Sichuan is a landlocked province in Southwest China, occupying most of the Sichuan Basin and the easternmost part of the Tibetan Plateau between the Jinsha River on the west, the Daba Mountains to the north, and the Yungui Plateau to the south. The population of Sichuan stands at 81 million.
During World War II, Chongqing served as the Republic of China’s temporary capital, making it the focus of Japanese bombing. It was one of the last mainland areas captured by the People’s Liberation Army during the Chinese Civil War and was divided into four parts from 1949 to 1952, with Chongqing restored two years later. It suffered gravely during the Great Chinese Famine of 1959–61 but remained China’s most populous province until Chongqing Municipality was again separated from it in 1997.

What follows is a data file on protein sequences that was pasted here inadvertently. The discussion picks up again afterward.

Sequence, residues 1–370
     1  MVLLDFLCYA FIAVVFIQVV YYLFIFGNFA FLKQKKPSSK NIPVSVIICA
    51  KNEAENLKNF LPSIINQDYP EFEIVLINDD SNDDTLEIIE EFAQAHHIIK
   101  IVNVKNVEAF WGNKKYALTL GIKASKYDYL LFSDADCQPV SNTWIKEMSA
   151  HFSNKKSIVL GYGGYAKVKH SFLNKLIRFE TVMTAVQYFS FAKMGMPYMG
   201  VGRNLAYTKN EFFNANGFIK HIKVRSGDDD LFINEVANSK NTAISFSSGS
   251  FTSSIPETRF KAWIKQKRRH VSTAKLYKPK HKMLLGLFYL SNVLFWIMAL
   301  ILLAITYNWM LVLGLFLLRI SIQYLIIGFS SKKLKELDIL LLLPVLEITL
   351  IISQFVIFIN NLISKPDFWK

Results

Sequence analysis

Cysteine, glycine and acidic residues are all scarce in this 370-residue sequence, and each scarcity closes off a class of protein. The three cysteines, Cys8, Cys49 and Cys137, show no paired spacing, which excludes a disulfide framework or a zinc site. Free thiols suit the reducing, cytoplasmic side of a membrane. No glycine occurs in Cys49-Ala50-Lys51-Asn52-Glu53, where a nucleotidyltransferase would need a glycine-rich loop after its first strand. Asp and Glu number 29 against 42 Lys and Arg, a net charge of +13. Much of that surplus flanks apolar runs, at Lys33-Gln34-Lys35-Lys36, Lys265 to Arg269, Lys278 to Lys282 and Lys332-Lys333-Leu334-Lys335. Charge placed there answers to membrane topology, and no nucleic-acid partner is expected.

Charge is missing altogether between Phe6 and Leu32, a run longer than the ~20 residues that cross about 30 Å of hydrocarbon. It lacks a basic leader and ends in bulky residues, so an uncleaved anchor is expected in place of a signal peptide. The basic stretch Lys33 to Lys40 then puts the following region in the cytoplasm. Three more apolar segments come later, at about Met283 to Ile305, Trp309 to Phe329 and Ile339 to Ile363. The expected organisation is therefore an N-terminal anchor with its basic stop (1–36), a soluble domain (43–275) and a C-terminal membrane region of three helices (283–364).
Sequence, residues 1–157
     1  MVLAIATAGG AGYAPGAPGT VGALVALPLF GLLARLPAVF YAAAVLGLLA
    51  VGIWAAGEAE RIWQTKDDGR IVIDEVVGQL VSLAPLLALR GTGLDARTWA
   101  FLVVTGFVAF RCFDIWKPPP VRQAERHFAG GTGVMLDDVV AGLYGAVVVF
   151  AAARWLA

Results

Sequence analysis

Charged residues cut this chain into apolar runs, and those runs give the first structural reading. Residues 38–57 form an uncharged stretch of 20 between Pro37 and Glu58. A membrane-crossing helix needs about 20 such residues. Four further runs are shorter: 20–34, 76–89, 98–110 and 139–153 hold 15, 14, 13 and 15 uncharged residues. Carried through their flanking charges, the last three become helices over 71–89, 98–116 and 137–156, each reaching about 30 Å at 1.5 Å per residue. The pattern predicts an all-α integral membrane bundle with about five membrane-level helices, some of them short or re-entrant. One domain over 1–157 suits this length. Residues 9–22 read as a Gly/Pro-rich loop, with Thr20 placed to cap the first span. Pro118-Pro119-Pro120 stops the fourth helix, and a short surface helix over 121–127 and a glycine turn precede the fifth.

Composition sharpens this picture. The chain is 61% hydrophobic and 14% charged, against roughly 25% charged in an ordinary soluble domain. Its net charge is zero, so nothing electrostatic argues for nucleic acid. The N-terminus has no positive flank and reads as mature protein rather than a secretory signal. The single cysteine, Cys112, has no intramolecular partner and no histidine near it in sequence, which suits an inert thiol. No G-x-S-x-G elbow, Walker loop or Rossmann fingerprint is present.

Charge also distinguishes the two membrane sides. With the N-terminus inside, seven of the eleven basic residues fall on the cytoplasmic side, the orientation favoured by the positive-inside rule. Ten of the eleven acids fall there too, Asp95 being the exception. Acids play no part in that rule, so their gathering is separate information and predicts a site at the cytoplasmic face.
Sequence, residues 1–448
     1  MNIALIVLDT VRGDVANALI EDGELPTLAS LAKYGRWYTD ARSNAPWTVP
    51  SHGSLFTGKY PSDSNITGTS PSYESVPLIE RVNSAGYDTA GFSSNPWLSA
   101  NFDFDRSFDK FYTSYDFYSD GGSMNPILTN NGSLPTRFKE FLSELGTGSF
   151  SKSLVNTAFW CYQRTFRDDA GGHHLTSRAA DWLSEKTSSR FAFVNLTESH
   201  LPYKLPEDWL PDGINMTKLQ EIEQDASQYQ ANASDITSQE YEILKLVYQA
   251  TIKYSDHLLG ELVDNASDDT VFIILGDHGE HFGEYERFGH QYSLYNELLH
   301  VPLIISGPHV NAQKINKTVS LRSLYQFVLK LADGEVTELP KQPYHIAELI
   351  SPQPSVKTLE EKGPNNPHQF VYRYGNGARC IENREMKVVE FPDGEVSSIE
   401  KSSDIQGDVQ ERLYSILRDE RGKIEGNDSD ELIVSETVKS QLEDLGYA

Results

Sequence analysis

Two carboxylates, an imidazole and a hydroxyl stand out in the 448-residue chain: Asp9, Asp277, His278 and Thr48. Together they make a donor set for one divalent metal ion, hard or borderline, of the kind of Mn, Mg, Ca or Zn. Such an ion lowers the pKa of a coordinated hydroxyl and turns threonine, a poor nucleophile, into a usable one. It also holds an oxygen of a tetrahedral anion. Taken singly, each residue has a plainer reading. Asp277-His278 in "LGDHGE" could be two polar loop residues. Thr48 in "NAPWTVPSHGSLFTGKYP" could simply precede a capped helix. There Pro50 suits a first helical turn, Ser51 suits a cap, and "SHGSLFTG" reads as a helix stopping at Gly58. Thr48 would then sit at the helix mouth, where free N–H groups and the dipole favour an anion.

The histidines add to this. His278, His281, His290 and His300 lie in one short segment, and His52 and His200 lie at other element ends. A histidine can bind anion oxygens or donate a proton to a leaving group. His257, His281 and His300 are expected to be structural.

The area’s warm damp climate long caused Chinese medicine to advocate spicy dishes; the native pepper helped form modern Sichuan cuisine, whose dishes—including Kung Pao Chicken and Mapo Tofu become staples of Chinese cuisine around the world.
In 1950, the province of Xikang was dissolved, and its territory was later split between the newly established Tibet Autonomous Region and the Province of Sichuan.